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Success! Theavy from Cambodia raised $606 to fund a facial tumor excision procedure.

  • $606 raised, $0 to go
to go
Fully funded
Theavy's treatment was fully funded on October 20, 2020.

Photo of Theavy post-operation

December 9, 2019

Theavy underwent a facial tumor excision procedure.

Theavy still has some swelling, but her operation went well and surgery has improved her quality of life by removing the tumor. Surgery is also important to prevent the tumor from spreading and to ensure Theavy does not suffer from any worsening of the condition. She feels happy that she can return to her work and family in the village.

Theavy said, “I am so happy that I no longer have any pain and that I am looking much better than before my surgery.”

Theavy still has some swelling, but her operation went well and surgery has improved her quality of life by removing the tumor. Surgery is a...

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November 25, 2019

Theavy is a 31-year-old factory worker from Cambodia. She has two brothers, two sisters, and enjoys listening to music, cooking, and watching television in her free time.

When she was seven years old, Theavy fell from her bike and hit her head on the pavement. Since the age of twelve, she started developing a tumor-like growth on her left cheek where she fell, which has been diagnosed as fibrous dysplasia. This condition can weaken the affected bone, sometimes leading to fractures and other pain and discomfort.

Theavy learned about our medical partner, Children’s Surgical Centre, and surgeons at CSC will perform a tumor excision procedure to help her feel more comfortable and confident. Now, she needs help to fund this $606 procedure.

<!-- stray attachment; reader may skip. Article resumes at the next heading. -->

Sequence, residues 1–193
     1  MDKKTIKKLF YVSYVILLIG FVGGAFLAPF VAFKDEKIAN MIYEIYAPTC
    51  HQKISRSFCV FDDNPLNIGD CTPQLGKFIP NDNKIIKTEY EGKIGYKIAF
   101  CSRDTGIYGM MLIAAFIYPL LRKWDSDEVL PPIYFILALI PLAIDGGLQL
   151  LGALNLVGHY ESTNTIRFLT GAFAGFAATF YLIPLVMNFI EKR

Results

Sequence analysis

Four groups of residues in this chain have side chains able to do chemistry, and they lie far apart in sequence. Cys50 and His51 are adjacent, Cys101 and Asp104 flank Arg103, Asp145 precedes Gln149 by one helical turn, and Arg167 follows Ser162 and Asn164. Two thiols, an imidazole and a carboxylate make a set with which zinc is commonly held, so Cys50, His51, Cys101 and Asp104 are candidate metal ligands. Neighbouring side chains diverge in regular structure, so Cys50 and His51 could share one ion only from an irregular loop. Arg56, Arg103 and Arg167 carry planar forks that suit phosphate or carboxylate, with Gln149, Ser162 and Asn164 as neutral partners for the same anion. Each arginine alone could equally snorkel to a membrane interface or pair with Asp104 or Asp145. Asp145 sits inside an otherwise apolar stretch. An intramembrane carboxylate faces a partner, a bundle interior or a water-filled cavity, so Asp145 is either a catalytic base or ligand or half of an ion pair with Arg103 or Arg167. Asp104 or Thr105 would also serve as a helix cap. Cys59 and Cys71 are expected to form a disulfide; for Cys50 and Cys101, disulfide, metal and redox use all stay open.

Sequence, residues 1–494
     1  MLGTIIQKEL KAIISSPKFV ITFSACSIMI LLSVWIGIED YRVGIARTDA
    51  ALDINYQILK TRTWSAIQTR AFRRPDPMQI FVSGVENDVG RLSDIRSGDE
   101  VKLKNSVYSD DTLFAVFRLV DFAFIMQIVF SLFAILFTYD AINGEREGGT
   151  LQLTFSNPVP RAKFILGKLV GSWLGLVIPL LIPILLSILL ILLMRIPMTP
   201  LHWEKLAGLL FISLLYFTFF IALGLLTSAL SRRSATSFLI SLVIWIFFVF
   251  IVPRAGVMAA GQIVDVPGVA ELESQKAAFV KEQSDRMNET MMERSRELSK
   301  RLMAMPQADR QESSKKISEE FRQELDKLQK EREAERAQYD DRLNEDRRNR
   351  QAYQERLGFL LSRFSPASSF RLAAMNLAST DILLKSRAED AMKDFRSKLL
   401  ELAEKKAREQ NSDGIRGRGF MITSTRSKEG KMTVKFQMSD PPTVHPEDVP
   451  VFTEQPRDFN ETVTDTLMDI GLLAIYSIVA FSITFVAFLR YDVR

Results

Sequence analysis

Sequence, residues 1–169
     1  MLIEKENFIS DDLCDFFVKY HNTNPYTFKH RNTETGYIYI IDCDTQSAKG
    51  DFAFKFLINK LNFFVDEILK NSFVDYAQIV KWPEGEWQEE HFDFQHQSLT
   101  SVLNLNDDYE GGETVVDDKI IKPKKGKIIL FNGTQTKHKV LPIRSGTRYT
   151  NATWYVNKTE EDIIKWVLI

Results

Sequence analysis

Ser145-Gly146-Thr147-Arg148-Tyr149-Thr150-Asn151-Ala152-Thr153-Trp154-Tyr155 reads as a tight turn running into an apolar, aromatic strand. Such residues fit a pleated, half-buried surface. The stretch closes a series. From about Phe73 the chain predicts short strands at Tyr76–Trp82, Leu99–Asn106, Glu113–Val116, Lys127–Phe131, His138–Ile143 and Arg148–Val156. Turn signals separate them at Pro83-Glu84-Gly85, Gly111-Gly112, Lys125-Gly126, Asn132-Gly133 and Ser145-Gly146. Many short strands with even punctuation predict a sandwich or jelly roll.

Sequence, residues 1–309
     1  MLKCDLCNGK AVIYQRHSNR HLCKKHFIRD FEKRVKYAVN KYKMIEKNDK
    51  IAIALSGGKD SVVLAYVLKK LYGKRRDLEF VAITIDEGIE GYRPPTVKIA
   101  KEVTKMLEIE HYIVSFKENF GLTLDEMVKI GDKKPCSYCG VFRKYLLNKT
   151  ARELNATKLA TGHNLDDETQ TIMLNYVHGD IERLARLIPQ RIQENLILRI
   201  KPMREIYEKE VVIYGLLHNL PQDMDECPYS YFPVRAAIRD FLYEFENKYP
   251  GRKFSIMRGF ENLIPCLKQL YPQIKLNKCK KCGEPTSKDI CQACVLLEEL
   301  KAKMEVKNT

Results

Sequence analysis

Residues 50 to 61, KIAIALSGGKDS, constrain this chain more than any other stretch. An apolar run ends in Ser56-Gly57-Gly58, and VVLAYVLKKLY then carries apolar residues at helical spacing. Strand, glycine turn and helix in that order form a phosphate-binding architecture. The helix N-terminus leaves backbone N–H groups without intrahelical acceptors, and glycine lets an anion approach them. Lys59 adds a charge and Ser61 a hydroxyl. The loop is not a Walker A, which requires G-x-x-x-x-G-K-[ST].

Theavy shared, “I hope that I will feel better after my surgery and that my face will look symmetrical again.”

Theavy is a 31-year-old factory worker from Cambodia. She has two brothers, two sisters, and enjoys listening to music, cooking, and watchin...

Read more

Theavy's Timeline

  • November 25, 2019

    Theavy was submitted by Lindsay Bownik, Stakeholder Relations Officer at Children's Surgical Centre, our medical partner in Cambodia.

  • November 25, 2019

    Theavy received treatment at Kien Khleang National Rehabilitation Centre. Medical partners often provide care to patients accepted by Watsi before those patients are fully funded, operating under the guarantee that the cost of care will be paid for by donors.

  • November 29, 2019

    Theavy's profile was published to start raising funds.

  • December 09, 2019

    Theavy's treatment was successful. Read the update.

  • October 20, 2020

    Theavy's treatment was fully funded.

Funded by 12 donors

Funded by 12 donors

Excision and Flap Surgery
  • Cost Breakdown
  • Diagnosis
  • Procedure
On average, it costs $606 for Theavy's treatment
Hospital Fees
Medical Staff
  • Symptoms
  • Impact on patient's life
  • Cultural or regional significance

​What kinds of symptoms do patients experience before receiving treatment?

Flap surgery is used for large or complex wound repair. The wound may be too large to be closed directly or may not be amenable to grafting due to poor vascularization. A flap may also be favorable to grafting due to function or aesthetics. Such a wound can be caused by trauma, cancer, or burns, which may bring about disfigurement, pain, and exposure to infection.

​What is the impact on patients’ lives of living with these conditions?

Large wounds are disfiguring, and patients may face stigmatization and social rejection. Wounds will be prone to recurrent infections, which may cause further damage to the underlying tissue. Depending on the site of the wound, there may be functional loss and the patient may lose the ability to perform tasks independently.

What cultural or regional factors affect the treatment of these conditions?

For many Cambodians, the primary mode of transport is the motorcycle. Coupled with unregulated traffic and dangerous driving practices, motorcycle accidents are very common. Soft tissue injuries arising from these accidents are often large and complex, with flap surgery being the best approach to avoid skin necrosis or infection.

  • Process
  • Impact on patient's life
  • Risks and side-effects
  • Accessibility
  • Alternatives